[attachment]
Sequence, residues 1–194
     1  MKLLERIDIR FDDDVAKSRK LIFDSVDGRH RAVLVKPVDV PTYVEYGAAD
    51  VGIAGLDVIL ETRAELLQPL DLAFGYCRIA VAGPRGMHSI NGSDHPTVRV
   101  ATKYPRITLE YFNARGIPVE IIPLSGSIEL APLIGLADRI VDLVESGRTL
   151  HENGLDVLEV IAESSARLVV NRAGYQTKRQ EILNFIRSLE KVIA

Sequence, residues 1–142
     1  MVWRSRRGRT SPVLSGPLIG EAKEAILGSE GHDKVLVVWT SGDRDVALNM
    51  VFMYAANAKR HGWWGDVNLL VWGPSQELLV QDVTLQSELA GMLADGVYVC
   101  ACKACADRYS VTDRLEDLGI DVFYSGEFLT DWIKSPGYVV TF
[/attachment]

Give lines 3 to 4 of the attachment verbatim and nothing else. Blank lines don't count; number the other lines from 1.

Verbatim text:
    51  VGIAGLDVIL ETRAELLQPL DLAFGYCRIA VAGPRGMHSI NGSDHPTVRV
   101  ATKYPRITLE YFNARGIPVE IIPLSGSIEL APLIGLADRI VDLVESGRTL